One of the points I tried to make in my Contingencies article about AIG was that Hank Greenberg, the CEO who built the company, was the ultimate risk manager. When he was forced out, no one else could control the enterprise.
Now Risk and Insurance has a whole article around the idea, including an interview with Greenberg himself:
At the center of Greenberg’s 40-year tenure was an “obsession with risk,” as one colleague said, with Greenberg defining his role in his own words as “the chief risk officer” of an “enterprise risk company.”
But Hank is a bit skeptical of enterprise risk management as a discipline:
Greenberg is skeptical about enterprise risk and the insurance community. “For a CEO, I’m not sure that half of them understand enterprise risk.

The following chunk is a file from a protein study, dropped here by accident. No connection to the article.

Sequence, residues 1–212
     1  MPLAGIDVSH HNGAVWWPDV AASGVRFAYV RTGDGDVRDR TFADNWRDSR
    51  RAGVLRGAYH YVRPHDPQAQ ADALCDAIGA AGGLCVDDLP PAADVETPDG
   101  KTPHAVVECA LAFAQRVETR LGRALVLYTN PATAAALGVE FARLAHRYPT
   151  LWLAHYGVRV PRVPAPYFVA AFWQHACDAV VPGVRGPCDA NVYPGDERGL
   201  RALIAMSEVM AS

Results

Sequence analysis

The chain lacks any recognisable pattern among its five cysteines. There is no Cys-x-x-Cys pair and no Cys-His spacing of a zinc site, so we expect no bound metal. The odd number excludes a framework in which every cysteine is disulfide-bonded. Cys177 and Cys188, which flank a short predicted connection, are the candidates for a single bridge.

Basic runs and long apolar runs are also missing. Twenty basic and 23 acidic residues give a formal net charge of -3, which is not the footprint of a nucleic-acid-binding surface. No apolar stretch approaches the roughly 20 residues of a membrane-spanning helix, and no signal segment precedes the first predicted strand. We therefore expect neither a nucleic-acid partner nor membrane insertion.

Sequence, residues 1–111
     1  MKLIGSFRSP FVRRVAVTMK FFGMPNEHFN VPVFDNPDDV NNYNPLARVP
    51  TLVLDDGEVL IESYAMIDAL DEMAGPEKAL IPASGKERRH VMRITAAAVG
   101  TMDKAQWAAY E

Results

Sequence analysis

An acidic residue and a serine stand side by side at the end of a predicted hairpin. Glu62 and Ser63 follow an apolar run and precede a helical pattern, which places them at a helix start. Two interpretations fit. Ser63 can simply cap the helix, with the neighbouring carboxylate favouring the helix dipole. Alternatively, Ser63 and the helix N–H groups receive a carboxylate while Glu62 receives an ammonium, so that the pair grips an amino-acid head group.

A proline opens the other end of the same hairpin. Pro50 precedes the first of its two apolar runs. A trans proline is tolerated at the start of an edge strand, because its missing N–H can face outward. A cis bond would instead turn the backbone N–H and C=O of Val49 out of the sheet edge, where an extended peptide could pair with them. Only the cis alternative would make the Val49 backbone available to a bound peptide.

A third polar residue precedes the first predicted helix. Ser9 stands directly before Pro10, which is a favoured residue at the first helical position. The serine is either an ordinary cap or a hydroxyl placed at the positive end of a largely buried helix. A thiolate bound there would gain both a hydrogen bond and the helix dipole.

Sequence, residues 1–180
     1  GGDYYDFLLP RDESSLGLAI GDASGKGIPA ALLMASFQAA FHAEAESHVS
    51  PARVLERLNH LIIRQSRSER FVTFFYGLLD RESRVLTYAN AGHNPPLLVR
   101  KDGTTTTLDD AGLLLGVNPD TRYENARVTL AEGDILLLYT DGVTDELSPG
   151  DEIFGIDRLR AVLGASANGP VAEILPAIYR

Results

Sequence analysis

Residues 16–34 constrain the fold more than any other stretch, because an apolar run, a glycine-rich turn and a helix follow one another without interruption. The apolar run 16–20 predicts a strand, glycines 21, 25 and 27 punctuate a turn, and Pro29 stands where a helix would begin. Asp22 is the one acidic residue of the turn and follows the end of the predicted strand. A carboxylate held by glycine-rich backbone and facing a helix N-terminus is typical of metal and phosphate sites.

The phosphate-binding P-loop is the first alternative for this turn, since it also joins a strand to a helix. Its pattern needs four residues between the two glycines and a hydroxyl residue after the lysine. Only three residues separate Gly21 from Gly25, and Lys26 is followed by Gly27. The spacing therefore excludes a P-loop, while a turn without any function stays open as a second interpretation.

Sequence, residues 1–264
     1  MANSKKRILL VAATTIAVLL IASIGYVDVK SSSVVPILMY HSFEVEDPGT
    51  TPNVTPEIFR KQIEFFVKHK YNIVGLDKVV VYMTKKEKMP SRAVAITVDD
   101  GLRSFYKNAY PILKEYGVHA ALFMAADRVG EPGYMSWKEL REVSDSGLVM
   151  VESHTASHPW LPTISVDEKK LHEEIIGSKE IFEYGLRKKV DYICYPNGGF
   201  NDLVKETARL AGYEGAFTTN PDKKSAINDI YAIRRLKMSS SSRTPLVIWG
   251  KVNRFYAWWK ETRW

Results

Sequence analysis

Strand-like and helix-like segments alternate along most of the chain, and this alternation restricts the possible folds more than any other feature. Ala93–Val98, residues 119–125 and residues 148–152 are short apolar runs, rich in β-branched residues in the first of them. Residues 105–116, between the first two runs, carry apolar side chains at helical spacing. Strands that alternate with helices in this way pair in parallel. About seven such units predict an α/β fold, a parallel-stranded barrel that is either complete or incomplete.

“You have to understand the risk. For example, if you’re writing something in the energy field, you have to understand that business. If it’s a construction area, who is the contractor? What kind of workers are there? What are the plans?”
At bottom, he said, “you can’t substitute for good management and good judgment. You can talk about that a thousand different ways. If you have a CEO that doesn’t live up to the job, don’t blame everything else. It’s his job.”
And, Greenberg added, “You need the judgment of the CEO. He’s the chief risk officer.”